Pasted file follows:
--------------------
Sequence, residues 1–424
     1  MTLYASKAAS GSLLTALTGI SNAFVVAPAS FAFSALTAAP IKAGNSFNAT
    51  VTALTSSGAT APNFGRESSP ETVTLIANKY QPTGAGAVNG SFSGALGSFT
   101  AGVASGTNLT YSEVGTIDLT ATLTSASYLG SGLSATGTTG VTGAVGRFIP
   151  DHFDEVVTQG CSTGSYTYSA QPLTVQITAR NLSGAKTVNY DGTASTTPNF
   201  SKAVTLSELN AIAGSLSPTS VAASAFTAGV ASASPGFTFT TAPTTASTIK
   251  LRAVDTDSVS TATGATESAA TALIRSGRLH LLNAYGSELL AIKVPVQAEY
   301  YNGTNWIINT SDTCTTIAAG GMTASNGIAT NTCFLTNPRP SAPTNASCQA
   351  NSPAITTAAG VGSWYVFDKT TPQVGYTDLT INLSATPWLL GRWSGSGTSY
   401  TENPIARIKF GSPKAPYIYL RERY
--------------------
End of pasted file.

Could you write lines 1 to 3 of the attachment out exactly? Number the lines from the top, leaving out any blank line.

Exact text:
Sequence, residues 1–424
     1  MTLYASKAAS GSLLTALTGI SNAFVVAPAS FAFSALTAAP IKAGNSFNAT
    51  VTALTSSGAT APNFGRESSP ETVTLIANKY QPTGAGAVNG SFSGALGSFT